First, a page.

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  • Writer's pictureDahlia Foundation

Military attack leaves Myanmar’s displaced civilians with ‘no safe place’


On the night of October 9, Seng Mai was awoken by a deafening explosion that tore apart her shelter in Mung Lai Hkyet, a camp for conflict-displaced people in northern Myanmar’s Kachin State.

“The sound was so loud that I wondered whether I had even survived,” the 21-year-old told Al Jazeera.


As rounds of mortar fire thundered from the direction of a nearby military post, she crawled into a makeshift trench.

“A grandmother was crying and shouting for help. My mother was running barefoot,” she said. “Children were also running in the dark, struggling to reach a safe place.”

By the time the bombardment was over, 28 civilians including 12 children had been killed and dozens of shelters as well as a kindergarten and church were destroyed. Rights groups have blamed the military, which seized power from the elected government of Aung San Suu Kyi in February 2021 and has so far denied responsibility for the attack.

It has an extensive record of targeting civilians and civilian areas, however, and its actions have only become “increasingly brazen” since the coup, according to a United Nations-appointed investigative mechanism. In August, the mechanism announced that it had found “compelling evidence” that the military had committed “more frequent and audacious war crimes and crimes against humanity”.

Bolstering this claim, a report published by the UN’s human rights office last month found that the military had killed at least 3,800 civilians, destroyed nearly 75,000 civilian properties and conducted nearly 1,000 air strikes in the more than two and a half years since the coup.

“Emboldened by confidence in impunity, military actions have grown in intensity and brutality,” said the report. “A seemingly endless spiral of military violence has engulfed all aspects of life in Myanmar.”


The recent attack on Mung Lai Hkyet targeted civilians displaced by war since 2011.

Several Kachin internally displaced youth, three of whom witnessed the Mung Lai Hkyet attack, told Al Jazeera the incident had left them traumatised and afraid. It also reinforced their sense that they had nowhere safe to run.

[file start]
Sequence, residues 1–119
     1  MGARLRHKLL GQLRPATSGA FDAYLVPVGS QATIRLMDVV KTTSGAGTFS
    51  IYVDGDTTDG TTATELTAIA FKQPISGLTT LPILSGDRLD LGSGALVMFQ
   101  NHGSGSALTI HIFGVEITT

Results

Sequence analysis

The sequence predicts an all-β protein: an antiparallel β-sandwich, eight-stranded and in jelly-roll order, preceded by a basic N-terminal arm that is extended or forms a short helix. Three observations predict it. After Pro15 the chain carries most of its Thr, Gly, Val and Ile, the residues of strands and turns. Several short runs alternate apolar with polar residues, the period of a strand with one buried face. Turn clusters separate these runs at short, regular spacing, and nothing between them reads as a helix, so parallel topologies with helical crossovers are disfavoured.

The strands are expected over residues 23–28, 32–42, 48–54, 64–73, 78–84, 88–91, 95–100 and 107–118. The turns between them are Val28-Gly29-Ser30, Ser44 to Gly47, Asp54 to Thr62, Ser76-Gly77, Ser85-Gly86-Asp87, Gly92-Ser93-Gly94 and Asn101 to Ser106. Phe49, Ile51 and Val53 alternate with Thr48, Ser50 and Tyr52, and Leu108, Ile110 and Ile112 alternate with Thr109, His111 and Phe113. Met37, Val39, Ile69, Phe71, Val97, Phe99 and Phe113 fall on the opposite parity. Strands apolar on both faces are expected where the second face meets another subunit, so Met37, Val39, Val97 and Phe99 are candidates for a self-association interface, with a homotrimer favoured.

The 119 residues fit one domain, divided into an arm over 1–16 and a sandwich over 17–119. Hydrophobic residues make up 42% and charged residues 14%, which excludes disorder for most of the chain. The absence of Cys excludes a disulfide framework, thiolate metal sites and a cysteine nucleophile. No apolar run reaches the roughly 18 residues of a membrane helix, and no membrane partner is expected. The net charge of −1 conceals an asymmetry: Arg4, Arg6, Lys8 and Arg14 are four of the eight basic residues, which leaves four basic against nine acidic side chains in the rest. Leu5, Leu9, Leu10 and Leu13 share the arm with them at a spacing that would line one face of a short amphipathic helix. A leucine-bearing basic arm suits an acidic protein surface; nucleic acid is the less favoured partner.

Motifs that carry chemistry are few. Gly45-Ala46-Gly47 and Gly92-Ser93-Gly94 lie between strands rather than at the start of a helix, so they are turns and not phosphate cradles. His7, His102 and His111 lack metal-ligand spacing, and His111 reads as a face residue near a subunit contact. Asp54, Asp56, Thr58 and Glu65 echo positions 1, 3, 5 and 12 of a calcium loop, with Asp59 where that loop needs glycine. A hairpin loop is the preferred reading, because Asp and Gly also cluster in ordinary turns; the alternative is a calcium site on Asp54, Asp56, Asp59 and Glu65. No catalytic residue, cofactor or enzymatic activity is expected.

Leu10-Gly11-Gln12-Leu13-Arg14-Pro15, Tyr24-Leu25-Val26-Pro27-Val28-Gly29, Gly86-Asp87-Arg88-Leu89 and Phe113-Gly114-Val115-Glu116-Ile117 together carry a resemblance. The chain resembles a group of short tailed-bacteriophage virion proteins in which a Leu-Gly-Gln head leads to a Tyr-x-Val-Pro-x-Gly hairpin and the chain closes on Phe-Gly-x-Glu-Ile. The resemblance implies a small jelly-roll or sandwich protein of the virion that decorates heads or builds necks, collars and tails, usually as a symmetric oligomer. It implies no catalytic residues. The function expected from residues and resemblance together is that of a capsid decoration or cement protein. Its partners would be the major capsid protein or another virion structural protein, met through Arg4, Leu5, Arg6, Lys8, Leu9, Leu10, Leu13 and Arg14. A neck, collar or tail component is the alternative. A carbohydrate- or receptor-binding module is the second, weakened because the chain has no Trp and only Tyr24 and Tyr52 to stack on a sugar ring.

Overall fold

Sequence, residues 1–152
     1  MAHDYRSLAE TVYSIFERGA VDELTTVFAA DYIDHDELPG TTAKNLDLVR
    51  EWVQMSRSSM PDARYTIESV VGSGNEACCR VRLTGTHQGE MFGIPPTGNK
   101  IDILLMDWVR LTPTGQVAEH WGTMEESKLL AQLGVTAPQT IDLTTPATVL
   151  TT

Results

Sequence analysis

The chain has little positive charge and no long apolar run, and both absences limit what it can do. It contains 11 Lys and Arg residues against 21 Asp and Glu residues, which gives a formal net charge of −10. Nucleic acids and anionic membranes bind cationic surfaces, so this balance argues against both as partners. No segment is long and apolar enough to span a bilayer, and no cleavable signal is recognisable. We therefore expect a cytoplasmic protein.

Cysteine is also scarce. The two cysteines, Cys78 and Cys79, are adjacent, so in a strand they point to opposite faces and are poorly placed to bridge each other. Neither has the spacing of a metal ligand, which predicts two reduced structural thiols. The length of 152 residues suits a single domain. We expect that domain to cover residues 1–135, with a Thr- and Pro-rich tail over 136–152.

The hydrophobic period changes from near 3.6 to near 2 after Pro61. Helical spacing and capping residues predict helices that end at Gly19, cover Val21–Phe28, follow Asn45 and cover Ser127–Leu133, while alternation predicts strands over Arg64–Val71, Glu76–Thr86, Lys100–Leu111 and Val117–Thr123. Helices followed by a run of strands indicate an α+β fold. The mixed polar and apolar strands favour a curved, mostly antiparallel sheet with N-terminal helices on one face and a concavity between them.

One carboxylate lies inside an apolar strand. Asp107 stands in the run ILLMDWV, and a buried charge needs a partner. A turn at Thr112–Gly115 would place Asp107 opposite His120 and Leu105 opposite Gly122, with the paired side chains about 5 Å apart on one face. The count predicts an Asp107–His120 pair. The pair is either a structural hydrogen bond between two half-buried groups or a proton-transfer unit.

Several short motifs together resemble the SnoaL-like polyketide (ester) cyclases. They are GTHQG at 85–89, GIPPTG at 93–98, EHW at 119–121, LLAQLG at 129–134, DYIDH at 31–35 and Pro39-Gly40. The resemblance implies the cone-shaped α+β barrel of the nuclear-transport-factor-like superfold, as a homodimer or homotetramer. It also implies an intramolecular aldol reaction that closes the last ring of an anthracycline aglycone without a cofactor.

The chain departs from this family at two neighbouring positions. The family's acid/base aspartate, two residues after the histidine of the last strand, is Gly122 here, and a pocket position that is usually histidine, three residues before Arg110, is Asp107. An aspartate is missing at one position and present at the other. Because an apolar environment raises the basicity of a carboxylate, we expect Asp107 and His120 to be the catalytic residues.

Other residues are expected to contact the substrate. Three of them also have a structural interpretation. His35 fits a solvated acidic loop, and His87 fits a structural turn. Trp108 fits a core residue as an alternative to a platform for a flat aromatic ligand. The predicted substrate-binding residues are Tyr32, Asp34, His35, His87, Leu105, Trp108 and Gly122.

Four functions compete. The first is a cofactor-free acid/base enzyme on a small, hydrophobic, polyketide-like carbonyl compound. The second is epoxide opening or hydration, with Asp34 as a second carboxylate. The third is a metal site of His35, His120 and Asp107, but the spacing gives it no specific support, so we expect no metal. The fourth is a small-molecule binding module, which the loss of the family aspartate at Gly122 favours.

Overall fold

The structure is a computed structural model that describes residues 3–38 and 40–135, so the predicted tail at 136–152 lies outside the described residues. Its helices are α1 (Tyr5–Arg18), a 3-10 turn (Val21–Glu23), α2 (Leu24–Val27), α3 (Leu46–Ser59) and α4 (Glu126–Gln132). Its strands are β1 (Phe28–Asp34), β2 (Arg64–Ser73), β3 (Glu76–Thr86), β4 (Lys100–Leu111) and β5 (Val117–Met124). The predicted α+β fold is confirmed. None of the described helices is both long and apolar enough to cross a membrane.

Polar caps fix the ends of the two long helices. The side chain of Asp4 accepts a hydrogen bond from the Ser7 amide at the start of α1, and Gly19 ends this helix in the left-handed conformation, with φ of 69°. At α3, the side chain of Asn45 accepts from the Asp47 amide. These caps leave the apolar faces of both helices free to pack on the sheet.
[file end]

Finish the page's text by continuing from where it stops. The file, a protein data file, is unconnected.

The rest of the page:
“I want to sleep at night but I can’t because I keep recalling the attack. I feel fearful and anxious about what might happen, while also recalling the terrible and tragic experiences that I’ve been through,” said Seng Mai, who has lived in Mung Lai Hkyet since 2011. “Since I became an IDP [internally displaced person], there have been many long and sleepless nights.”

Al Jazeera has given Seng Mai and others interviewed pseudonyms due to the risk of military retaliation.

‘No safe place’

Like many ethnic minorities in Myanmar, Kachin people were targets of the military’s human rights abuses long before the coup. The Kachin Independence Organisation (KIO), one of more than a dozen ethnic armed groups along the country’s borders, began its struggle for autonomy in 1961 and ever since, the military has attempted to cut its access to food, funds, intelligence and recruits in a strategy known as “four cuts.”

The approach, which specifically targets civilians, has only added fuel to the Kachin resistance, which entered a new phase with the collapse of a 17-year-long ceasefire in 2011. The fighting that followed displaced some 100,000 people, most of whom fled to camps. With the military criminalising affiliation with or support to the KIO under its Unlawful Associations Act, more than a third took refuge in KIO territory along Myanmar’s eastern border with China.

Htu Raw, who is using a pseudonym, recalled hearing the fighting break out from the state capital of Myitkyina, where she was boarding at the time to attend high school. Her family soon fled their village but she only found out two years later when she finished school and her mother came to pick her up.

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